2Health Center of Kalloni, General Hospital of Mitilini, Mitilini, Greece
3Clinic of Social and Family Medicine, School of Medicine, University of Crete, Heraklion, Greece
Address correspondence to: Demosthenes B. Panagiotakos, e-mail: d.b.panagiotakos@usa.net


BACKGROUND: The aim of the present work was to evaluate the relationships between socio-demographic, clinical, lifestyle and psychological characteristics and the presence of diabetes mellitus, among elderly individuals without known cardiovascular disease. METHODS: During 2005-2007, 1190 elderly (aged 65 to 100 years) men and women (from Cyprus, Mitilini, Samothraki, Cephalonia, Crete, Lemnos, Corfu and Zakynthos) were enrolled. Socio-demographic, clinical and lifestyle factors were assessed using standard procedures. Diabetes mellitus was defined as fasting blood glucose >125 mg/dl or use of special medication. RESULTS: 21% of males and 23% of females had diabetes. Only 70% of diabetic participants were on a special diet and 76% were receiving pharmaceutical treatment. Diabetic individuals had higher prevalence of hypertension (80% vs. 64%, p < 0.001) and hypercholesterolemia (63% vs. 51%, p < 0.001) and reported lower physical activity status (p < 0.001), compared with non-diabetic participants. After adjusting for various confounders, hypertension and hypercholesterolemia were associated with a 144% (95% CI, 1.37-4.35) and 83% (95% CI, 1.13-2.94) higher likelihood of having diabetes, while moderate and vigorous exercise correlated with a 82% (95% CI, 0.09-0.81) and 67% (95% CI, 0.11-0.97) lower likelihood of diabetes. CONCLUSIONS: A considerable proportion of our elderly sample had diabetes and other metabolic disorders, almost 25% of which were untreated. Promotion of physical activities, even in the elderly, may contribute to reducing their burden of diabetes and provide them with a better quality of living.

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Rev Diabet Stud, 2009, 6(1):64-70 DOI 10.1900/RDS.2009.6.64

Effect of Zinc Supplementation on Serum Homocysteine in Type 2 Diabetic Patients with Microalbuminuria

Esfandiar Heidarian, Massoud Amini, Mahmoud Parham, Ashraf Aminorroaya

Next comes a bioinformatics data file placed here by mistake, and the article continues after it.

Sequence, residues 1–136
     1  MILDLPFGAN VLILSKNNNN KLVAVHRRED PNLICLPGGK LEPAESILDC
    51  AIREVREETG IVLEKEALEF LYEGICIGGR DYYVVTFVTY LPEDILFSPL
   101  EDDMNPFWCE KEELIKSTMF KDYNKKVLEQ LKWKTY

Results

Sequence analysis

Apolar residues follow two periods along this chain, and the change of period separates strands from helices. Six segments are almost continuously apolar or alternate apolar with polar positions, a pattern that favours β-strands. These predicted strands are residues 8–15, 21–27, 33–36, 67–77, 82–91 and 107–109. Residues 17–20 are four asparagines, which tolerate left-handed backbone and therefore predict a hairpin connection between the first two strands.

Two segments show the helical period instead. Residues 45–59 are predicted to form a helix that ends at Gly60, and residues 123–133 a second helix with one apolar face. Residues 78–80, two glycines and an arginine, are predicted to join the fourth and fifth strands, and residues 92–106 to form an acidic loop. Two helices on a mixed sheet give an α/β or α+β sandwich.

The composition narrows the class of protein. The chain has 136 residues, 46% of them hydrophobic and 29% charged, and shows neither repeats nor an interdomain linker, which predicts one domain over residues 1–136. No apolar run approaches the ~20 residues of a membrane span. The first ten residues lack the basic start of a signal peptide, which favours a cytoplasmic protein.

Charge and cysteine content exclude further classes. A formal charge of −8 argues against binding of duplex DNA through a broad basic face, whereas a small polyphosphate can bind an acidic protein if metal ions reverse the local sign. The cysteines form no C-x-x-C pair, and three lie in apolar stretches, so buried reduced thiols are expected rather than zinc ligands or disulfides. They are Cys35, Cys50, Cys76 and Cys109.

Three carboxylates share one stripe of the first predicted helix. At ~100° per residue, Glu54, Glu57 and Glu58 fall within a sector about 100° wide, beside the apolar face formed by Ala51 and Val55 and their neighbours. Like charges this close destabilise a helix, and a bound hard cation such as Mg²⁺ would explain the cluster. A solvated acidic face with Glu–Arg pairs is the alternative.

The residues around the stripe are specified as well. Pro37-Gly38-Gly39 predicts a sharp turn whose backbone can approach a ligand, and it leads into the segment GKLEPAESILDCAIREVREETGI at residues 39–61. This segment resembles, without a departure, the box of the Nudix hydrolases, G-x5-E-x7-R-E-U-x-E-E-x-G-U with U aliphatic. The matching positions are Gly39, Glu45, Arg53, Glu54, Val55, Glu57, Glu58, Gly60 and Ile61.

Isfahan Endocrine and Metabolism Research Center, Isfahan University of Medical Sciences, Isfahan, Iran
Address correspondence to: Massoud Amini, e-mail: m_amini@med.mui.ac.ir


OBJECTIVES: Elevated homocysteine levels are considered to be an independent risk factor for cardiovascular complications in diabetic patients. The aim of this study was to find out if zinc supplementation improves homocysteine levels, which may exert vascular-protective effects in type 2 diabetes subjects with microalbuminuria. METHODS: In a randomized, double-blind, controlled, crossover study, 50 type 2 diabetic patients with microalbuminuria were subdivided into two groups and supplemented with 30 mg/d of zinc (group 1) or placebo (group 2) for three months with a four-week wash out period. Serum creatinine, vitamin B12, folate, fasting plasma glucose, HbA1c, lipid profiles, zinc, homocysteine levels and random urine albumin were measured before and after the first and second phase of the study in all participants. RESULTS: Mean serum zinc was significantly increased after zinc supplementation (from 76 ± 16 μg/dl to 93 ± 20 µg/dl; p < 0.05), while there was no change in the placebo group (75 ± 16 µg/dl to 75 ± 15 µg/dl). With zinc supplementation, homocysteine levels reduced significantly (from 13.71 ± 3.84 μmol/l to 11.79 ± 3.06 μmol/l; p < 0.05), which did not occur on placebo (from 12.59 ± 2.13 μmol/l to 13.36 ± 2.03 μmol/l). Simple regression was used to show a positive correlation between urine albumin excretion and serum homocysteine (r = 0.37, p = 0.023). Vitamin B12 and folate levels increased significantly in patients who received zinc in comparison to those who received placebo. A negative correlation was observed between homocysteine and vitamin B12 concentration (r = -0.36, p = 0.025). CONCLUSION: Zinc supplementation reduced serum homocysteine and increased vitamin B12 and folate concentrations in type 2 diabetic patients with microalbuminuria.